Ground water has emerged as the major source of irrigation water for small farmers in India in recent decades. As per the 4th Minor Irrigation Census 2006-07, 19.76 m wells in India contribute to a gross irrigated area of 55.4 m ha. 53% of these wells are bore wells or tube wells that are tapping ground water from shallow (or) deeper aquifers. Drying up of bore wells or reduction in the yield due to failure of monsoon, lowering of water table and over-extraction of ground water is a serious problem farmers are facing, particularly with the wells in the hard-rock aquifers of south India. Repeated drilling of new wells only resulted in in further loss of investments and distress to farmers as most of them fail to tap ground water. Millions of dry bore wells are abandoned without precautionary capping, resulting many accidental falling of children in the wells.
The team of WLF developed and is promoting an innovative and low-cost method of recharging the dry bore wells since 2012.
Following are the some of the instances where it was successfully implemented by respective farmers on their own, during recent years:
1. 25 farmers belonging to a farmers’ cooperative in Katkoor village, Bheemadevarapalli mandal, Karimnagar district, Telangana State adopted this method with partial financial assistance from NABARD Regional Office, Telangana during May-June 2016. With augmented recharge of rainwater to these bore wells, farmers could expand the area under cultivation during Kharif 2016 and opted to grow vegetables. The farmers’ cooperatives is making efforts to collectively market the vegetables. The DDM, NABARD was instrumental in this successful pilot in the district. District Collector, Smt. Neetu Kumari Prasad visited these locations and appreciated the initiative. (Contact: Sri Ravi Babu, DDM, NABARD, Karimnagar – Mob: 9959190125).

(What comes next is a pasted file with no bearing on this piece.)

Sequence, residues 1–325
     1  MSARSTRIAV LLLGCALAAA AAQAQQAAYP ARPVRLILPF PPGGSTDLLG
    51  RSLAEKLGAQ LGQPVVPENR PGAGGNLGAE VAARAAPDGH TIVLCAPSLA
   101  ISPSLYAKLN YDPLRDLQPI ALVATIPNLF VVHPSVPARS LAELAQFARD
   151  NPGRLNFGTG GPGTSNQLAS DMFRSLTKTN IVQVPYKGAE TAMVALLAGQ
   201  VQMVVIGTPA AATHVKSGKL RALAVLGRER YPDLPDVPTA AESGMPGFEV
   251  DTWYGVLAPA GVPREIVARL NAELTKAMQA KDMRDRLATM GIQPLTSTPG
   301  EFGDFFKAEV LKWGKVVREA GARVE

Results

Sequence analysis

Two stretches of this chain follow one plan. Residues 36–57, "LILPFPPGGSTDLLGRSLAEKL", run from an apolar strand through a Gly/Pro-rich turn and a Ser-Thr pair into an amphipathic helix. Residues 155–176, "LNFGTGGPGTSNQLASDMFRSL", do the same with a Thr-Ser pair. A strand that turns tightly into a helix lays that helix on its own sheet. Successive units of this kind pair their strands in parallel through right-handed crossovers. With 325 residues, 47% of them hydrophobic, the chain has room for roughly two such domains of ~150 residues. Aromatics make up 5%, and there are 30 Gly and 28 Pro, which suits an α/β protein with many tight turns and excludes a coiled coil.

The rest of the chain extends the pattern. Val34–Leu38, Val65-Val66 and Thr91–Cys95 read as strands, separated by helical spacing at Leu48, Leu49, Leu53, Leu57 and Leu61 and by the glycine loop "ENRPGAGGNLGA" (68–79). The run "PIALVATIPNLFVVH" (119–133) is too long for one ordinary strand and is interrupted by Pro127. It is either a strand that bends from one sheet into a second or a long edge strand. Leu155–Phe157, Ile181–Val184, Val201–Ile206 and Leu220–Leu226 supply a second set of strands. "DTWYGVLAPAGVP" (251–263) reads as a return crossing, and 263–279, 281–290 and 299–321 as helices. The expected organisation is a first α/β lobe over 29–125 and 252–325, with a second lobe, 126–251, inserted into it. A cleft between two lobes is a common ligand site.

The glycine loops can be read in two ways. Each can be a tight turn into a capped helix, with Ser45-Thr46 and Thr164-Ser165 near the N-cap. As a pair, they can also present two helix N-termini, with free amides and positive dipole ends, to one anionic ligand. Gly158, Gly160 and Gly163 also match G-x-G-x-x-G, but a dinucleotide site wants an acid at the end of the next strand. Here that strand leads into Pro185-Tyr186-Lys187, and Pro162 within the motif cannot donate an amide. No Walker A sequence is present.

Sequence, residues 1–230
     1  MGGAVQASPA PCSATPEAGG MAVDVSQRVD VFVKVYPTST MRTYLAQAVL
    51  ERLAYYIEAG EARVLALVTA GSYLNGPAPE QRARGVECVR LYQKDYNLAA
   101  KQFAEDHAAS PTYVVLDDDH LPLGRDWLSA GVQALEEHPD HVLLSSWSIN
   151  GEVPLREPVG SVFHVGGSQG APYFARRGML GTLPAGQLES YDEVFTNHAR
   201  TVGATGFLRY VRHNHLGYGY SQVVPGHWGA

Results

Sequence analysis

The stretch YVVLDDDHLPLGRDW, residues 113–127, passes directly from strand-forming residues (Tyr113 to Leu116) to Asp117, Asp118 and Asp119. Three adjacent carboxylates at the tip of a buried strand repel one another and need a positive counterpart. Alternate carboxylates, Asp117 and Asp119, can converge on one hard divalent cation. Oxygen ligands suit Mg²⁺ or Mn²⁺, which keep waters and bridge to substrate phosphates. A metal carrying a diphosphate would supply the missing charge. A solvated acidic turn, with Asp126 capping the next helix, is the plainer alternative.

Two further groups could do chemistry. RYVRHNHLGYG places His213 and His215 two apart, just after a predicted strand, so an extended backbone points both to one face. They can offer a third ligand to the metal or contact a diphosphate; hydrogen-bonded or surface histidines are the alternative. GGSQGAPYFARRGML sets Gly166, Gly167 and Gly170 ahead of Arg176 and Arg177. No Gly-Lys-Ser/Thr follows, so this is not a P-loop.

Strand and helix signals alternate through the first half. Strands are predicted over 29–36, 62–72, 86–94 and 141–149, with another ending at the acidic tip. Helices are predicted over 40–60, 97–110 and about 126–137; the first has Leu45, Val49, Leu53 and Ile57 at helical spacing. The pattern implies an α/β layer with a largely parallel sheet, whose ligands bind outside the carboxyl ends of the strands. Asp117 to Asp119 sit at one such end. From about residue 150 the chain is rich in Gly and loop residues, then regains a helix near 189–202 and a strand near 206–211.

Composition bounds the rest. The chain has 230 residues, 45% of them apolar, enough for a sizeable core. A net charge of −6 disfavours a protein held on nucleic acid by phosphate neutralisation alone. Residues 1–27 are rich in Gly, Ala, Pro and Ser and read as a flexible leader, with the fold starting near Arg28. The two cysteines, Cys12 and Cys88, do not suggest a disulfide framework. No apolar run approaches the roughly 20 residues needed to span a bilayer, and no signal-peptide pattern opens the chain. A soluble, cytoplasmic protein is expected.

Further, the then Mandal Parishad Development Officer (MPDO), Vemulawada mandal, Karimnagar district motivated 10 farmers in Achannapalli and Chekkapalli villages to construct the bore well recharge structures to their low-yielding wells during May 2016. Farmers are happy with increased yield from their wells.
2. Pavan Reddy Challa, a progressive farmer of Chellampalle village, Talakondapalli mandal, Mahabubnagar Dt., Telangana State constructed bore well recharge system to two of his low-yielding wells during April 2016. With better rain water utilization, soil moisture conservation and augmented bore well yield, he could resume cultivation of field crops, vegetables and mango trees in his entire 6 acres of land. (Contact: Pawan Reddy – 9848470909).
3. Srinivasa Reddy, a farmer from Yerragondapalem Village, Prakasam Dt., Andhra Pradesh State cultivating Pomegranate garden as well as field crop like Chilly in his 20 acres of farm land. But, reduced yield from two of his bore wells left him worried about his garden. He is a progressive farmer always willing to experiment in his farm. He experimented with applying Jeevamrutham, an organic fertilizer for plant nutrition, to the crops using his drip system for saving water and for optimum crop yields. (Contact: Srinivasa Reddy – 9866571083)
4. Narender Govindu, a teacher by profession and a farmer by passion lives in Australia. But, he pursued agriculture in his native village Appareddipalli in Madugula mandal, Mahabubnagar Dt., Telangana State. Drying up of his two bore wells encouraged him to search for innovative solutions. He implemented this artificial recharge method to his two bore wells and already harvested the rains of Aug-Sept 2016. Using the augmented water in the wells, he plans to cultivate marigold flowers, teak plants and mango garden in coming season. (Contact: Narender – 9963934541).
Many other farmers got motivated and followed these progressive farmers in both Andhra Pradesh and Telangana States. Many farmers approach us every week for guidance on implementing it. Realizing the benefits of such innovative technology, recently in Aug 2016, Anantapur district included bore well recharge systems under NREGS.